Sunday, January 13, 2008

Ride a Painted Pony

The Barnes & Noble romance readers group I belong to (which has been meeting for over ten years) meets the first Monday of the month. So, by default, my first book of the New Year is a romance. The January 2008 selection was Ride a Painted Pony by Kathleen Eagle.

Kathleen Eagle is an author who has been on my "must read one of her books" list for some time; and I, liking a little angst with my romance, was looking forward to Ride a Painted Pony as described on the book cover:

Nick Red Shield swerved his pickup and empty horse trailer to avoid her, but neither he nor the mysterious Lauren Davis could avoid the collision of their lives. Though Nick's loner instincts kick into high gear, Lauren's vulnerability tugs at him in ways he'd thought long since shut down. More comfortable with horses than people, he's drawn to the secretive runaway. But even in the safe haven of his South Dakota ranch, among the magnificent painted horses of Western legend, the danger shadowing Lauren's life will compel her to new acts of desperation to save her young son and force Nick to confront demons bent on destroying them both.

Despite its promise, Ride a Painted Pony was a disappointment. Serious problems were handled at a very superficial level, leaving the characters shallow and their conflicts lacking substance. I realize that true-to-genre romance novels will not deal with social issues in any way that would be considered disturbing for readers, and that was a major problem for this book. Lauren has been driven from her home by an abusive partner who keeps her from her young son; Nick is dealing with demons constantly reminding him of a tragic accident. Both hero and heroine kept falling into the plot holes necessitated by the genre commandment: Thou shalt not disturb.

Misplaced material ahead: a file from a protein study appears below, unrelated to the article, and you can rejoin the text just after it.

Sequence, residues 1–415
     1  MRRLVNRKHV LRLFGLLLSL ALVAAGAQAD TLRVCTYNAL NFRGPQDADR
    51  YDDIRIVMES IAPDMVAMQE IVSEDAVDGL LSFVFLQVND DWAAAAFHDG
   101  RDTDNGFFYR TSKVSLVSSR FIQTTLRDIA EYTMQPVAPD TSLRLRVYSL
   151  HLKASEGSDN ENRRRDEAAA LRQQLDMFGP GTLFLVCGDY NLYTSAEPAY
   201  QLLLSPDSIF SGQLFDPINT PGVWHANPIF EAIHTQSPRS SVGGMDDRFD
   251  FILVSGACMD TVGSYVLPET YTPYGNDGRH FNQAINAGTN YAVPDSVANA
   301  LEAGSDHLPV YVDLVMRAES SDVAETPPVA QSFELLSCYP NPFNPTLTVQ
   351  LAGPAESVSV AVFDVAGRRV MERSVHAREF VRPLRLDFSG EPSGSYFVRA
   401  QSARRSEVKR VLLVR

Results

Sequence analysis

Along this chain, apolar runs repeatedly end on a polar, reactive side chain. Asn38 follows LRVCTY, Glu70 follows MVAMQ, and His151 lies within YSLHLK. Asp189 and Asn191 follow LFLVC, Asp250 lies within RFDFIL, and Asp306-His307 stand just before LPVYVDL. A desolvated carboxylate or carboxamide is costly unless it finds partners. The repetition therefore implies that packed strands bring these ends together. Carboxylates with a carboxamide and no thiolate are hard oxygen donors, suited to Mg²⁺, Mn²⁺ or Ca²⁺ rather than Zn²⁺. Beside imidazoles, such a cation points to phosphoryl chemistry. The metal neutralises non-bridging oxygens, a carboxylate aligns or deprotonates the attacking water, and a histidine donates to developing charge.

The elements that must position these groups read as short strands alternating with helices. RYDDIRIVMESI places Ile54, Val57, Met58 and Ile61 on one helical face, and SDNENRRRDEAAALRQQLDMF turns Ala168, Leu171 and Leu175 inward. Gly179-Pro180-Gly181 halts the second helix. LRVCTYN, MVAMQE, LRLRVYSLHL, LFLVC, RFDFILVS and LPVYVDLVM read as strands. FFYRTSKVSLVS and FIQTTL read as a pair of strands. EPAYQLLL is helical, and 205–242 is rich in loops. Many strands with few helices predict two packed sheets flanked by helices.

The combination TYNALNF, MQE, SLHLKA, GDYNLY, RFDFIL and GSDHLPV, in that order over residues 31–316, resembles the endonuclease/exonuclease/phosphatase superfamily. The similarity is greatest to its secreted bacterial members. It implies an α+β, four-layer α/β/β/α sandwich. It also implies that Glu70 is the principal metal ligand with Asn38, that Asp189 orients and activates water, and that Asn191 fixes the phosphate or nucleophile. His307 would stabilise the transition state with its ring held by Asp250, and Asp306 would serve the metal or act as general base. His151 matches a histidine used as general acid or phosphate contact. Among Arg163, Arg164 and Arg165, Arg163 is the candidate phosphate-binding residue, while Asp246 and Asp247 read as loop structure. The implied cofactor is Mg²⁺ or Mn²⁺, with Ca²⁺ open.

A bit of a disappointing start to this year of reading.

Rating: 2.5/5 (Romance Scale)
Mira 2006
388 pages

Dedication: For the Prairie Writers Guild--Pam, Sandy, Mary, Judy and Kathy. Vive PWG! And to honor the memory of Little Ted

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